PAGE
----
Once upon a time, there was a Netherlands side that was full of brilliant players, played beautiful football and was widely considered the best team at their World Cup, yet failed to win it. And no, we’re not talking about the 1974 team…
While that side, led by Johan Cruyff, was undoubtedly the greatest the Dutch have ever fielded, which one is second to them is very much open to debate.
Many would say it’s the one that, without Cruyff, reached the World Cup final again four years later and came within literal inches of winning it.
Others would argue for the European Championship-winning 1988 team; after all, they’re the only one that won something.
And some would claim that the class of 1998 was better than both of them, and with good reason.
Looking at the squad that manager Guus Hiddink was taking to France for that year’s World Cup, it was clear to see that Oranje had the quality to go far.
Frank de Boer and Jaap Stam formed a formidable pairing in front of Edwin van der Sar, the midfield options included Clarence Seedorf, Edgar Davids, Phillip Cocu and Marc Overmars, and they had two of the best strikers around in Dennis Bergkamp and Patrick Kluivert.
While they were one of the strongest nations on paper though, expectations weren’t particularly high with serious doubts about their attitude and unity.
After all, at the European Championships just two years earlier, Hiddink had sent Davids home as something of a civil war erupted in the camp with The Pitbull, Seedorf and Kluivert feeling unappreciated and disrespected by their manager.
Most felt they could perhaps reach the quarter-finals but not any further, and their opening match against Belgium only reinforced such beliefs.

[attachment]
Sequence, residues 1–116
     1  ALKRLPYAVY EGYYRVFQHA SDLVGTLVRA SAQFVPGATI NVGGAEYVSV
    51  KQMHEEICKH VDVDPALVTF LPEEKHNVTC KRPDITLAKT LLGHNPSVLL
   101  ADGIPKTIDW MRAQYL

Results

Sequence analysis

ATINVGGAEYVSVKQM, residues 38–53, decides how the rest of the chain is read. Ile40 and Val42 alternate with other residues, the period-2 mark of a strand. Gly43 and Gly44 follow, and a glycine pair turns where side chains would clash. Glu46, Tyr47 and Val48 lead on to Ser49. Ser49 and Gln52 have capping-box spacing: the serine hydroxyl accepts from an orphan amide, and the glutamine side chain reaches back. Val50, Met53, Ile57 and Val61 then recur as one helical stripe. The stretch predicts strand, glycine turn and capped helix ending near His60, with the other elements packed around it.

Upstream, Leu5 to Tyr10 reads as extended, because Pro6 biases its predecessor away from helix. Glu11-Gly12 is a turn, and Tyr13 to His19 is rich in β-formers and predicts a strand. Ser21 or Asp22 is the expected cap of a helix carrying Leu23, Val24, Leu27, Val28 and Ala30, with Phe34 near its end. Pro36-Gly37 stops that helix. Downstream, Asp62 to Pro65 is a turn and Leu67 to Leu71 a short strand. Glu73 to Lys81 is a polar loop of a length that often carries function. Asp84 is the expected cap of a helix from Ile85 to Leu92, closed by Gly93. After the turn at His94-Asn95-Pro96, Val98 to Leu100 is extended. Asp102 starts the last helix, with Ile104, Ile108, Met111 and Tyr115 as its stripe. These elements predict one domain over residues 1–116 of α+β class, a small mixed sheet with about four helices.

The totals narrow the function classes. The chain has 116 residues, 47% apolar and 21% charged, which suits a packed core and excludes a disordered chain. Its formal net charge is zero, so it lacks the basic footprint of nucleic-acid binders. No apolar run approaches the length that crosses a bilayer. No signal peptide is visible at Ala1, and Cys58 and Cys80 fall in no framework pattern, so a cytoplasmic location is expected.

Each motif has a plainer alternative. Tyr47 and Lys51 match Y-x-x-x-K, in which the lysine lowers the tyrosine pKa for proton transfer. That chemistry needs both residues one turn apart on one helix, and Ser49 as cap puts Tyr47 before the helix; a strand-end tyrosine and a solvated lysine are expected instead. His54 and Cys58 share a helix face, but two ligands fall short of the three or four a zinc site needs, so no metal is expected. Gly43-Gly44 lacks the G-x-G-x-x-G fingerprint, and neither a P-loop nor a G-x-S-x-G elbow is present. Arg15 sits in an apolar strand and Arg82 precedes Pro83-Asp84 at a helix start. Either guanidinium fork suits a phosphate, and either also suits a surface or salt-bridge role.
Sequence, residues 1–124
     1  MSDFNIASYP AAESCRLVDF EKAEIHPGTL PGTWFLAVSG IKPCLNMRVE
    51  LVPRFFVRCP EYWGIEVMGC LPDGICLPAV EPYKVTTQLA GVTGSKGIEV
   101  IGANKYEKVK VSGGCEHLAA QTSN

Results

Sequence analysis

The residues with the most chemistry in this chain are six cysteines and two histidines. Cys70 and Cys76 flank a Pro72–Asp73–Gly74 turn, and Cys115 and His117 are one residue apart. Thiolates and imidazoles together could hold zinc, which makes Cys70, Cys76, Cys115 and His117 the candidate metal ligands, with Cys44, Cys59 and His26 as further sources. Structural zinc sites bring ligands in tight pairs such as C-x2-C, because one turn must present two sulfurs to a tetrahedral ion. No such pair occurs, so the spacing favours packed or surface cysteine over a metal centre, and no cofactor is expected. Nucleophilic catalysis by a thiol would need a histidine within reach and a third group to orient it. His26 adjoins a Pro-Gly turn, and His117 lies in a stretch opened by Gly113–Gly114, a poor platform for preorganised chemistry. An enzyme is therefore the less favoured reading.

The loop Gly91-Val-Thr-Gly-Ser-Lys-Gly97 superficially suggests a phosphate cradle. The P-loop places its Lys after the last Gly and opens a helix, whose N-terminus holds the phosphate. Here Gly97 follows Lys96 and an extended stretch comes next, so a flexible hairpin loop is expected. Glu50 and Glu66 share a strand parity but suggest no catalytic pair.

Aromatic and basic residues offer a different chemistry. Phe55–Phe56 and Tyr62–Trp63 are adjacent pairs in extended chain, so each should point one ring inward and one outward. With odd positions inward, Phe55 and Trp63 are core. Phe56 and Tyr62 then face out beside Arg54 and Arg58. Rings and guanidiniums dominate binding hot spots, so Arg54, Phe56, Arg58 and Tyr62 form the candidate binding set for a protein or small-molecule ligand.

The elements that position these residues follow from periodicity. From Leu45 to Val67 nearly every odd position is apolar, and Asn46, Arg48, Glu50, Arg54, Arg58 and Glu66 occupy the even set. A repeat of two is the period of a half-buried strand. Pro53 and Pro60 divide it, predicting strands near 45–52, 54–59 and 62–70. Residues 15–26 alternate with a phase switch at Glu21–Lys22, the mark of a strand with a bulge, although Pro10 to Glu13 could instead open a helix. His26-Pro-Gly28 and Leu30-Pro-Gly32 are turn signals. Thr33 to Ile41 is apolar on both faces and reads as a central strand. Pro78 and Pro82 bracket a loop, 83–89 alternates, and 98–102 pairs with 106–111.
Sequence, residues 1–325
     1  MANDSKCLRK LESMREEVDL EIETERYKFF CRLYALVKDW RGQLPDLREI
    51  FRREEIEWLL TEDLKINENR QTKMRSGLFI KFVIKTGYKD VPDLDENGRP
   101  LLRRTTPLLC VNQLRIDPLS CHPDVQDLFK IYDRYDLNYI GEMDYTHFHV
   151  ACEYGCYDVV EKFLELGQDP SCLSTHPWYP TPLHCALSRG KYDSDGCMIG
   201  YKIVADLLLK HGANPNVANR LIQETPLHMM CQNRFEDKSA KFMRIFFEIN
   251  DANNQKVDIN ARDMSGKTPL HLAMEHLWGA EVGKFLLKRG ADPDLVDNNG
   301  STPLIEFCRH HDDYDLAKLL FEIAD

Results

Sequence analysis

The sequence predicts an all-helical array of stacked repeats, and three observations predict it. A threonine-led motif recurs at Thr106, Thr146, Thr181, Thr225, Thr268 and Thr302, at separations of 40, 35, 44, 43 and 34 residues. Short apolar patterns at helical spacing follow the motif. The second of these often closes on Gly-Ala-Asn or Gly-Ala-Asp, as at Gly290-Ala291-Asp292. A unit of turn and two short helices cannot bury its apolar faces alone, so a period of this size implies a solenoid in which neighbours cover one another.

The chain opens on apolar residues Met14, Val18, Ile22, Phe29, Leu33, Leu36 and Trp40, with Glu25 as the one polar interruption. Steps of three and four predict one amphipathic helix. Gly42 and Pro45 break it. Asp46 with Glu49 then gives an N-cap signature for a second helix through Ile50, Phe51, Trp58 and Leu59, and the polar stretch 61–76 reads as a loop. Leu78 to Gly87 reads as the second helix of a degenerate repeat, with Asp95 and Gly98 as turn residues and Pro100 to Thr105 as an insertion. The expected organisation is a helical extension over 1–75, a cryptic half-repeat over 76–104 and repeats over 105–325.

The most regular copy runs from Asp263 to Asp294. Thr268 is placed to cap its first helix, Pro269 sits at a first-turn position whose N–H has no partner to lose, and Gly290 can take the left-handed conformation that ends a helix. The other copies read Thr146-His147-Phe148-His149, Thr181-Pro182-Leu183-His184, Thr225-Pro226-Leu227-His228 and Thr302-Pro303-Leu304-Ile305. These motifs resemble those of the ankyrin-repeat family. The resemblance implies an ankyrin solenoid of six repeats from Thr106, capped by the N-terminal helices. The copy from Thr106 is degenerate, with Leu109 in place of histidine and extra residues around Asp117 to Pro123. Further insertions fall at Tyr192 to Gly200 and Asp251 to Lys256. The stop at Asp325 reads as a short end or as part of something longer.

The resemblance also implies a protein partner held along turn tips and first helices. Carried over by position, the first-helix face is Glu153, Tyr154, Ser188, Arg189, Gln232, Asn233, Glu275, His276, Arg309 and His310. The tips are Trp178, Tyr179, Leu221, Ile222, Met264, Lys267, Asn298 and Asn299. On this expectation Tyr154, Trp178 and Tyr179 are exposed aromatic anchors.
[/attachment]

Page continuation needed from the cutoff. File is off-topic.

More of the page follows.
Their neighbours, far weaker then than they are these days, managed to hold them to a 0-0 draw, and Kluivert was sent off with 10 minutes left after elbowing Lorenzo Staelens in a moment of madness.
In the second match against South Korea though, things started to click.
The Dutch dominated from the off, playing some beautiful stuff, and Cocu – playing up front in place of Kluivert – broke the deadlock after 37 minutes with a great strike from the edge of the box, kickstarting their tournament.
Just four minutes later, Overmars doubled the lead, skipping past a defender on the left and firing into the near corner with his right foot to finish off a rapid counter-attack. The floodgates had opened.
They completely controlled the match for the entirety of the second half and went 3-0 up 25 minutes into it courtesy of Bergkamp.
The Arsenal man collected the ball on the edge of the box with his back to goal, turned beautifully to get past one defender, produced a stunning piece of skill to avoid another, and toe-poked past the keeper.
He was then subbed off and his replacement, Pierre van Hoojdonk, got in on the act with his third touch, heading in an Overmars cross, before Ronald de Boer made it five with seven minutes to go.